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Expense ratio in ETF

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  1. #1

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    Expense ratio in ETF

    I am a beginner in investing, and have been doing quite a lot of reading lately. Can someone please explain how the expense ratio in an ETF works?
    For example, suppose I am buying 1000$ of shares and the expense ratio is 1%. Am I actually paying 1010$ as an initial investment? Or is it spread over the whole year? What if after 6 months I decide to cash out?


  2. #2

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    you have to read the fine prints. for all of my short term ETF positions, i have not seen any expense ratio taken from my profit.


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    Are you not hit by redemption fees?


  4. #4

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    Original Post Deleted
    Hi jrkob,

    So if I understand correctly, if after a year the price of my investment is 1200$, I will be paying 20$ as ER?
    Does the ER also affect any dividend?

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    Original Post Deleted
    i buy Vanguard ETFs in the US market. my targets are usually very low expensive ratio and relatively high dividend. low expense ratio meaning lessn than 0.1%. "high" dividend meaning around 2.5% or higher. maybe since it's so low, and i hold them short term that i didn't really noticed. based on my rough calculation, they didn't charge me. unless they took it out from dividend distribution, then in that case, i have no idea.

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    Original Post Deleted
    Thanks for the explanation

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    To clarify this is what happens (could be wrong...).

    The NAV of the ETF is the real value of the assets it holds. Typically updated officially by the fund manager every day at close.

    Say the ETF has two stocks A (50% of holdings) and B (50% of holdings), A is valued at $45 and B is valued at $45 and $10 is held in cash by the manager. The manager distributes dividends every quarter.

    The NAV of one ETF share is $100 at market open. The fund has a 12% expense ratio (keeping this simple for 1 month calculation).

    You want to invest $1000. Which should technically allow you to buy 10 shares of the ETF (this fluctuates, for many reasons the ETF can be priced at slightly higher or below the NAV).

    You execute a transaction to buy 10 shares and you spend $1000 + brokerage fee.

    IGNORE COMPOUDING OF CHARGES for a very simple calculation

    A month later, if there is not change in the price and the fund manager has not rebalanced, you'll see the fund's NAV recalculated as follows:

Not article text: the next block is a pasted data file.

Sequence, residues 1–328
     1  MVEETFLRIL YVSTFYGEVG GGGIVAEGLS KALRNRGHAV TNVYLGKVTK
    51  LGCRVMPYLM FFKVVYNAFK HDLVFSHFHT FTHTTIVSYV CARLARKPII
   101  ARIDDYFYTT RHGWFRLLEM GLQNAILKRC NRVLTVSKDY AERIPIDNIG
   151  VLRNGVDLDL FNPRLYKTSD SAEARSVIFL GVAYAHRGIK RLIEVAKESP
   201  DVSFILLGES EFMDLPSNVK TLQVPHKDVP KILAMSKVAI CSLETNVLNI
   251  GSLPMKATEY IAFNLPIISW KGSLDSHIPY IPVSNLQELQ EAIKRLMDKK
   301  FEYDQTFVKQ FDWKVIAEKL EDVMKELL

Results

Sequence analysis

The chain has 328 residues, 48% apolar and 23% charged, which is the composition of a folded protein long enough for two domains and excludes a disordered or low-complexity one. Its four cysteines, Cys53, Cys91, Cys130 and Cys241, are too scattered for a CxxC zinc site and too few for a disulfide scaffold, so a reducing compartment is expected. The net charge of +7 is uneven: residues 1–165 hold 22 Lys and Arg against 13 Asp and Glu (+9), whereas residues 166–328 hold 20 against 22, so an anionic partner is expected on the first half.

A - $45, B - $45, Cash - $10-$1, making the NAV $99.

    If you want to sell at this point, the NAV will be $99 and you'll sell closer to that value and take a 1% hit which can be attributed to the expense ratio.

    Month 2 - No change in prices, your NAV drops to $98.

    Month 3 - No changes in price, but the fund manager receives $10 in dividends. Your NAV is then calculated as $45+$45+$10+$8-$1(expense) = $107.

    Month 4 - The manager pays $8 as dividend to you. At the end of the month, your NAV will be $107-$8-$1 = $98.00

    Original Post Deleted
    - Something like that... ?

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    Simplified it a bit..


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    Actually, there isn't something officially called 'expense ratio' charged by the fund.
    There are items like management fees, custodian fees, brokerage, etc.etc

    Expense ratio is a resultant number that is, after adding all the things that are suppose to be included as cost of the fund for the period, then divided the number by the average (usually) daily NAV of the fund over the period of computation. that will give you a % term call the expense ratio. None of the fund manager will commit to you what is the expense ratio I believe. they will only tell you what are the cost. And i won't be surprised if some of the fund manager exclude items from their expense ratio reporting.


  10. #10

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    Quote Originally Posted by freeier:
    Actually, there isn't something officially called 'expense ratio' charged by the fund.
    There are items like management fees, custodian fees, brokerage, etc.etc
    I took a look at a random iShares ETF and found this in the fact sheet:

    TER = Total Expense Ratio
    TheBrit likes this.

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